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Why transport?

Transportation energy use refers to the end use energy consumed by all components in the transportation sector – the production, operation, and decommissioning of all vehicles and infrastructure. This contributes to a sector’s total final consumption, which is a measure of all the energy they are consuming.


Transportation can use energy in many different ways; most dominantly running cars and other vehicles by burning fuel, but also in the production of the vehicles themselves, and the creation of roads, airports, sea ports, and pipelines.


A large portion of fuel used for transportation comes from fossil fuels. This is concerning due to its contribution to pollution and global warming from using them. The transportation sector has the fastest growing carbon emissions of any sector, with approx 67 million new cars being produced each year. Although improving fuel economy and the use of “greener” vehicles (ex. hybrid cars and electric vehicles) can reduce CO2 emissions, these vehicles still have associated emissions due their production and the electricity used to fuel them (green electricity).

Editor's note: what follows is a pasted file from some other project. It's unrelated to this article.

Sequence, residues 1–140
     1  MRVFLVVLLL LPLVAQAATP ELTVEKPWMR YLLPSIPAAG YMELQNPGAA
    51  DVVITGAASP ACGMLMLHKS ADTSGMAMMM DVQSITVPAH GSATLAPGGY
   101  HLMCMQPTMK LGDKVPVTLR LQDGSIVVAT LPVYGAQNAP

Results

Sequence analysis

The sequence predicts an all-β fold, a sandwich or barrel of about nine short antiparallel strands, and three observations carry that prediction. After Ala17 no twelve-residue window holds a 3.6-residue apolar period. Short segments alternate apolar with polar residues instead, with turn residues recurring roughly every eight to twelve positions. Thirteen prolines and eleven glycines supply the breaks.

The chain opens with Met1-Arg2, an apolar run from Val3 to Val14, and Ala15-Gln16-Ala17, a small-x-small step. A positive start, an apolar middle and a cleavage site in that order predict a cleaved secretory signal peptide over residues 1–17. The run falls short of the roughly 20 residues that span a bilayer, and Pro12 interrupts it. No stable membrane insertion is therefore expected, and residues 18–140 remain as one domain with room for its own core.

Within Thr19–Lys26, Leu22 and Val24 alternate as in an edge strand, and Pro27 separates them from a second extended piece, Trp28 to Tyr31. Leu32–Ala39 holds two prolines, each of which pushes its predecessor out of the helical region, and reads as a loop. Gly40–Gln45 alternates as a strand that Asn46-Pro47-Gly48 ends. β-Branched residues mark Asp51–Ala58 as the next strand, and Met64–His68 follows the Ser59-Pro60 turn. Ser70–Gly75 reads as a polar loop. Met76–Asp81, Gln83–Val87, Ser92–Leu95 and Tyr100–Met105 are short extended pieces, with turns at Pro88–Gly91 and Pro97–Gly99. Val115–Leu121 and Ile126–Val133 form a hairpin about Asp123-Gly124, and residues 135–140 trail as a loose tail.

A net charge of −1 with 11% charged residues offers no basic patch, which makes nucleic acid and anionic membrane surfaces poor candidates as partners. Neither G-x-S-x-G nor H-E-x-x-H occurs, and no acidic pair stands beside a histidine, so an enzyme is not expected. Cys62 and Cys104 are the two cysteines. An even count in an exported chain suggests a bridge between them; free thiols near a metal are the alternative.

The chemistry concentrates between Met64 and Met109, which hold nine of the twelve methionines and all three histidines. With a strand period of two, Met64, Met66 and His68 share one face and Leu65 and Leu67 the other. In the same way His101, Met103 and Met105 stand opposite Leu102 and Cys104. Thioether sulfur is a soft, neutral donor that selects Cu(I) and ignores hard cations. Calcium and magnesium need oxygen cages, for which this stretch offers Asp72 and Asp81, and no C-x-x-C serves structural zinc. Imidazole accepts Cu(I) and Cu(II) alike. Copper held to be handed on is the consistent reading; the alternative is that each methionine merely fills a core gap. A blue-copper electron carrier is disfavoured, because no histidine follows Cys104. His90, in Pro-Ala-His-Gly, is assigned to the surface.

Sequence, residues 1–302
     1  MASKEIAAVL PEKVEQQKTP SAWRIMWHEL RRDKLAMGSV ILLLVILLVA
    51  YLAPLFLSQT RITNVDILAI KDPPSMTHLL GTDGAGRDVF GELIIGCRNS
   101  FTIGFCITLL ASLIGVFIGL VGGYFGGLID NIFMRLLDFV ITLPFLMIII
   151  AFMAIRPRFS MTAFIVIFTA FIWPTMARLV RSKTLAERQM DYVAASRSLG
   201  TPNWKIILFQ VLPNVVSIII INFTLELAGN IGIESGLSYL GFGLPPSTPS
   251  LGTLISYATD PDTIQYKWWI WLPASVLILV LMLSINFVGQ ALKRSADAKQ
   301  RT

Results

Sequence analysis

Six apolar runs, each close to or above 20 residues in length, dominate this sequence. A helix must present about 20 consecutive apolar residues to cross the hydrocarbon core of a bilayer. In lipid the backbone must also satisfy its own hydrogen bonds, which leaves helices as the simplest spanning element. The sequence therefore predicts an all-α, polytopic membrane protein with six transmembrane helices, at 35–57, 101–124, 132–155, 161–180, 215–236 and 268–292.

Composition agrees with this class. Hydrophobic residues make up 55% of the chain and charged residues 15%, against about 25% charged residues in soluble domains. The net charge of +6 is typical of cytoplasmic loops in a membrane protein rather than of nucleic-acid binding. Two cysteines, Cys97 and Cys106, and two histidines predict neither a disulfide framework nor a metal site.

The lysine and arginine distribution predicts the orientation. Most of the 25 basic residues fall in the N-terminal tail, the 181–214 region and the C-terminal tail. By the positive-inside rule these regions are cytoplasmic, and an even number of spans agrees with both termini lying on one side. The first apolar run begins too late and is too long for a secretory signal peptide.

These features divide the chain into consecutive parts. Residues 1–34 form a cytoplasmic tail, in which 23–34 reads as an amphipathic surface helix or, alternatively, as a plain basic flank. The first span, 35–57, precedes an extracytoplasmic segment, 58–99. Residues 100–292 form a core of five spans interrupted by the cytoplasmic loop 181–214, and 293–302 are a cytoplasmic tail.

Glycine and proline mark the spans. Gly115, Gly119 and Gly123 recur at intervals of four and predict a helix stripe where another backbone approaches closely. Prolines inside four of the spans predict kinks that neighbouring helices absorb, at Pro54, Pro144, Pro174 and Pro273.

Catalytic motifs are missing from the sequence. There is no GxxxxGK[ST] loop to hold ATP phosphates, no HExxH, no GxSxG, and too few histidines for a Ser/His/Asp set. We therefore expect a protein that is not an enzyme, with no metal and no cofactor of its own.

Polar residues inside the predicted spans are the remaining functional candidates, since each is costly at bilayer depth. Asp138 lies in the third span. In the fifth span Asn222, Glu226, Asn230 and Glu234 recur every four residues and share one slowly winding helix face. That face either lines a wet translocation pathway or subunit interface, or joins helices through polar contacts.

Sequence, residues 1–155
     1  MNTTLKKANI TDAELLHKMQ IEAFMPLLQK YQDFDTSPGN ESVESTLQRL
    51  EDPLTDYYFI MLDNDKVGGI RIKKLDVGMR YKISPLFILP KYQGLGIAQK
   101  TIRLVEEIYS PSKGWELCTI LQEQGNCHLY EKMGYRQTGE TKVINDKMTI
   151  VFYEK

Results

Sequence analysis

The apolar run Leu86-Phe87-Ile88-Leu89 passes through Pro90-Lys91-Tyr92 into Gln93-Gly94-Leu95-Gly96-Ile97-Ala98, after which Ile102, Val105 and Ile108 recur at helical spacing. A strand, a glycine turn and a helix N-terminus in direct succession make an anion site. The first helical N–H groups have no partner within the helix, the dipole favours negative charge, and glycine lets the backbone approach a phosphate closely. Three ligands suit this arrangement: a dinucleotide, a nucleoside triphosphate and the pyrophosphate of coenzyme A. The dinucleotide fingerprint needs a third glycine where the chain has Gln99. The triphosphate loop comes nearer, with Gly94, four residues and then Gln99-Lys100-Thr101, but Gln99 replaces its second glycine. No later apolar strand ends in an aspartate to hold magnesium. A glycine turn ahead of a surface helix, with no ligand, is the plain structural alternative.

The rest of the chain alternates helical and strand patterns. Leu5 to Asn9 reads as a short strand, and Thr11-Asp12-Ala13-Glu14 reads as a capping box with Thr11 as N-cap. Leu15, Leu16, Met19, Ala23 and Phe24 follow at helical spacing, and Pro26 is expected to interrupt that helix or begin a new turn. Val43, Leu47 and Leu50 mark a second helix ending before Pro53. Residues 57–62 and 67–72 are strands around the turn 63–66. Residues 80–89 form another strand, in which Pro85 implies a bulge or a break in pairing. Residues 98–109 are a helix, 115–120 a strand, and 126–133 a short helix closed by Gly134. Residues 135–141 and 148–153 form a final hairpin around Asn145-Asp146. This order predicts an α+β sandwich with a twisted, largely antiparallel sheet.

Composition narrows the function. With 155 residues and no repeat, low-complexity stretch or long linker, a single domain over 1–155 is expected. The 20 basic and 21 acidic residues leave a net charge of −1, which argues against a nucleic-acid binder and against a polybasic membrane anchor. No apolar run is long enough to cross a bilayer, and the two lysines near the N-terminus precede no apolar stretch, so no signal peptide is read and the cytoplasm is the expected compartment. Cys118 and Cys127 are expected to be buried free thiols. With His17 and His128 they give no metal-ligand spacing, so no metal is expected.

Sustainable transport is key to a green energy transition, seeing that it is an area that represents a large part of the total consumption of fossil energy. The transport system in a country is depending on climate, demography, economy, topography, culture, gender, health, and a number of other factors. Understanding how peoples’ everyday lives are organised and which possibilities a transition to more sustainable modes of transport can represent is central in the green shift.


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